Vancouver buys hotel to move in 65 people from shelters, SROs

Days Inn hotel at 2075 Kingsway won’t be ready until November

The Days Inn hotel at 2075 Kingsway will be converted to housing for people living in shelters and single-room-occupancy hotels. Screen shot/Days Inn website

Vancouver Mayor Kennedy Stewart announced Monday that the city has purchased the Days Inn hotel on Kingsway and it will be renovated so up to 65 people living in shelters and single-room-occupancy hotels can move in by November.

Stewart made the announcement from his apartment via a remote news conference with Ahmed Hussen, the federal minister responsible for housing, who was in Toronto. Vancouver-Centre MP Hedy Fry emceed the conference from her home.

“This building will allow us to provide warm, safe homes for approximately 65 people who were previously experiencing homelessness across Vancouver and just as importantly connect them to service and programs to support their wellbeing,” Stewart said.

The price paid for the two-star hotel at 2075 Kingsway was not disclosed but funding came from $51.5 million the federal government promised Vancouver in October 2020 under a national fund called the Rapid Housing Initiative.

“Eventually, I think the approximate number [of the sale price] will be released and made available to the public,” Stewart told Glacier Media in an interview following the news conference. “At this point, we can’t say because we still have a lot of other money to spend and we’re negotiating with other parties.”

The total investment for Vancouver allows the city to spend money on another 70 homes, which Stewart said will likely come in the form of existing buildings converted to housing.

“The deal [with the $51.5 million fund] is [housing] has to be built by the end of this year and occupied,” he said. “That means it would be impossible to build anything new other than modular housing. So really the focus was on securing housing that already exists.”

Historically, the city’s purchase or lease of a hotel has been done to alleviate overloaded shelters and single-room-occupancy hotels. Opening up a hotel has seen people in precarious housing moved into more secure housing, which frees up shelter and single-room-occupancy hotel space for people living on the street.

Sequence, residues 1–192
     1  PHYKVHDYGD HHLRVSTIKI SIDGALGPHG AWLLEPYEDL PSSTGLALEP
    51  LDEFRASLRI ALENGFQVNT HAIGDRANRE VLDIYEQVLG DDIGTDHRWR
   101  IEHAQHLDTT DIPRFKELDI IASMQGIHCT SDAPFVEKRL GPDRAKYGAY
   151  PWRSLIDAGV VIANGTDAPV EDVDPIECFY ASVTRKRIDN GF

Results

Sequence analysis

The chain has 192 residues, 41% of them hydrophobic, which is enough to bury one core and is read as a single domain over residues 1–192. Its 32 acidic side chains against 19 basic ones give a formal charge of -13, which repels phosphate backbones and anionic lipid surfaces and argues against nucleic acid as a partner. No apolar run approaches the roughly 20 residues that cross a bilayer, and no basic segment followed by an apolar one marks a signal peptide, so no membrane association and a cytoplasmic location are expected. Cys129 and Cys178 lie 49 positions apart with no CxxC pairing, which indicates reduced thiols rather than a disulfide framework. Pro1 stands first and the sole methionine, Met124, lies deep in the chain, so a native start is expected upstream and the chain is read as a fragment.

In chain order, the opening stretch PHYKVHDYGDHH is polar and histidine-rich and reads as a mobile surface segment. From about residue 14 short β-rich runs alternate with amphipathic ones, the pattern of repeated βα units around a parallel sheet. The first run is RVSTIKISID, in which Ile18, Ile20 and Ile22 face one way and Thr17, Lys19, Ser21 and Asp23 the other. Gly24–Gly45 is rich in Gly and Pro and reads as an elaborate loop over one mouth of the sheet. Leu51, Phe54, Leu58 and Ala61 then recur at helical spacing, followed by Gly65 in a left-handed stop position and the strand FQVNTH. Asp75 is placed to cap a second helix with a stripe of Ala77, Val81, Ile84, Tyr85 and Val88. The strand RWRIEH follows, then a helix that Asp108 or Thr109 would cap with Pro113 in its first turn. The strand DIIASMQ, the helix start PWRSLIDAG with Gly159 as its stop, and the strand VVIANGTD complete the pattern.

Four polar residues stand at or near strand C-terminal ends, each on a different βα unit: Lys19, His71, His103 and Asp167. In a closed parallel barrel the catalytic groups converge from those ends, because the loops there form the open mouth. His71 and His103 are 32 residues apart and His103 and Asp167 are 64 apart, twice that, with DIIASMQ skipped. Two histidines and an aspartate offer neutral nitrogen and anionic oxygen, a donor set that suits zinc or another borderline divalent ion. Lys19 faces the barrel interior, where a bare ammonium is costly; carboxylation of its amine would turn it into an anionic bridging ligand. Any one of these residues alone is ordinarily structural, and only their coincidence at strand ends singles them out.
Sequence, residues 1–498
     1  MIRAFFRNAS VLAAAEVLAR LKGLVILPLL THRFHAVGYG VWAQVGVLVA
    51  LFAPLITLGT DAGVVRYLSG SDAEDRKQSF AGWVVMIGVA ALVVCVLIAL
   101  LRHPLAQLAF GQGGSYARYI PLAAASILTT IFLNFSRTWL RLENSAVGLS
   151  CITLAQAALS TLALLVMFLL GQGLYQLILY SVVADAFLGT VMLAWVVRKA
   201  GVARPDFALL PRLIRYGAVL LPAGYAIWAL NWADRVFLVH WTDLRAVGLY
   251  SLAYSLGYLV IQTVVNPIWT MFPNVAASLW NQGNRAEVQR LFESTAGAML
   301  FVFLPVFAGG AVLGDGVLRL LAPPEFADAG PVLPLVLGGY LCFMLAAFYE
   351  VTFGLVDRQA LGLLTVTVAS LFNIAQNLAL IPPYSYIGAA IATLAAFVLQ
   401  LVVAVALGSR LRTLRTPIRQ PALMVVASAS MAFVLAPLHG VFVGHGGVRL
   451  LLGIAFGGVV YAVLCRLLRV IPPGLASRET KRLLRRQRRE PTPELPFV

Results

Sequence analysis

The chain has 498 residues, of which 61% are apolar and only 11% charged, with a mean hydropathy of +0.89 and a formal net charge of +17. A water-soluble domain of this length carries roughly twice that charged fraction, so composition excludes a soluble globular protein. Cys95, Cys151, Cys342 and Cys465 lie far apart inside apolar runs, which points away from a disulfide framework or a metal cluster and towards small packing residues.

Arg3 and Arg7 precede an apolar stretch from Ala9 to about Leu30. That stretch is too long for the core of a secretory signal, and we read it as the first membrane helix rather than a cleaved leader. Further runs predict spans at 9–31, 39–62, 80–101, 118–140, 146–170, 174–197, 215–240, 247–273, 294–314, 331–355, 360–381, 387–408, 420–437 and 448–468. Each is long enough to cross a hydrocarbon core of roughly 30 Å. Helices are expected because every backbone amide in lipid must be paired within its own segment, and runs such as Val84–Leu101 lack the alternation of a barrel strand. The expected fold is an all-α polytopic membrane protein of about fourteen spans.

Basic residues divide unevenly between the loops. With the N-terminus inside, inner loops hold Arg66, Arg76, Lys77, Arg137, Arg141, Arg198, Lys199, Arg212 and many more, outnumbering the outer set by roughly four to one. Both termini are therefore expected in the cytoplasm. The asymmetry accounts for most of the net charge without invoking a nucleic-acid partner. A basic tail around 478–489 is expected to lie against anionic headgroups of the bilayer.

The $51.5 million is in addition to $30 million city council unlocked last fall to assist in buying and leasing hotels and other buildings to serve as temporary — and possibly permanent — housing for people without homes, or at risk of homelessness.

A staff report released last fall identified 290 units in undisclosed buildings that could cost $125 million to $240 million to buy, with another $11 million required for operating costs, including providing tenants access to health care and other services.

The 290 units would accommodate less than half of the 750 homeless people the city estimates live on the streets, with about 200 residing in Strathcona Park’s tent city. Council heard in the fall from staff that the purchase price for a commercial hotel could cost $400,000 to $500,000 per door.

In 2017, the federal government announced a $40-billion, 10-year housing strategy that aimed to reduce "chronic homelessness" by 50 per cent by 2027. Hussen said Monday the total investment of the plan is now at $70 million.

David Eby, the provincial government’s minister responsible for housing, told Glacier Media last month that people living in Strathcona Park will be moved into some form of shelter by the end of April.

“We also have significant housing initiatives underway with the federal government and with the City of Vancouver in the next 12 to 24 months to really get people inside in a really significant way,” Eby said at the time.

The B.C. government announced Feb. 22 that two shelters offering a total of 120 beds will be in place by April for people living in the park. The shelters will be located at 875 Terminal Avenue and at 15-27 East Hastings St., the location of the shuttered Army & Navy store.

mhowell@glaciermedia.ca

@Howellings